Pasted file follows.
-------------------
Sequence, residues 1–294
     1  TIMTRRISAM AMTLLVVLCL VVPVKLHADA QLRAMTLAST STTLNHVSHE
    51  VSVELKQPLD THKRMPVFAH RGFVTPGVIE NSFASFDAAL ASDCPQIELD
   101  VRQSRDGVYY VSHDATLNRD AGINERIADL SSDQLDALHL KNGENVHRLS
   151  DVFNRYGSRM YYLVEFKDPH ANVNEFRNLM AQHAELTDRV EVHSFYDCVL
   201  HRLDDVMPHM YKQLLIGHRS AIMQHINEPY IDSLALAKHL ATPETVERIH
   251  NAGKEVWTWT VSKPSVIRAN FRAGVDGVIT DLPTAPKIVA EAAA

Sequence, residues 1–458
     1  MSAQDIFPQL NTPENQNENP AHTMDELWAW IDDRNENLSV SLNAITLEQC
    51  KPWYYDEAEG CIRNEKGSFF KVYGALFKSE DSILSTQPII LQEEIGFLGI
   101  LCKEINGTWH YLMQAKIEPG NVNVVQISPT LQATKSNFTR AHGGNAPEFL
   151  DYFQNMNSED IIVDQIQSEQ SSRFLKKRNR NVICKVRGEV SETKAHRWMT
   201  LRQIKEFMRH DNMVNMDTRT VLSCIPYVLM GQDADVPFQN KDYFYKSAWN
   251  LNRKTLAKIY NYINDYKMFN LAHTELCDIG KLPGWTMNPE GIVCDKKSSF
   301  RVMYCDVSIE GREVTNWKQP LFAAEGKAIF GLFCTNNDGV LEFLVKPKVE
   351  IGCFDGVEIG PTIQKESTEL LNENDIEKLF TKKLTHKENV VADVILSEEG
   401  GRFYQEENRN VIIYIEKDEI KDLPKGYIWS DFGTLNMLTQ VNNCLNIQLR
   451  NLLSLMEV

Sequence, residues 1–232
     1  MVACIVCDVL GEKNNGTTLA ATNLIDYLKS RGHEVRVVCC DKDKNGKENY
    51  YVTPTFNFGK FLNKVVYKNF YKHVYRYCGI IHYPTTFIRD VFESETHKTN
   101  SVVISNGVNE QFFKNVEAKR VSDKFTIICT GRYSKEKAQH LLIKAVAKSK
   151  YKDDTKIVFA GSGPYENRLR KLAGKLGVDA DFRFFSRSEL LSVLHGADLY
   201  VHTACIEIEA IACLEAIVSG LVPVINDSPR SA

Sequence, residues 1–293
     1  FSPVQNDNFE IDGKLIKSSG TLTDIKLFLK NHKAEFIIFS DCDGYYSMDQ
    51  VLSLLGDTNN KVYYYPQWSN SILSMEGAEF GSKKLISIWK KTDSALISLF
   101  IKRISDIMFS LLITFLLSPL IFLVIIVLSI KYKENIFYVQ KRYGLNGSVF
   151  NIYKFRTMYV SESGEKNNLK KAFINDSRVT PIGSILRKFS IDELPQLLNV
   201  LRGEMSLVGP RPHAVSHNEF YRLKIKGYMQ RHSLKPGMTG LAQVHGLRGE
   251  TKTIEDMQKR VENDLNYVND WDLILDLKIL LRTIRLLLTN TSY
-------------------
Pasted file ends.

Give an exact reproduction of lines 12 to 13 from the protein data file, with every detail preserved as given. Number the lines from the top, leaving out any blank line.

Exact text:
   151  DYFQNMNSED IIVDQIQSEQ SSRFLKKRNR NVICKVRGEV SETKAHRWMT
   201  LRQIKEFMRH DNMVNMDTRT VLSCIPYVLM GQDADVPFQN KDYFYKSAWN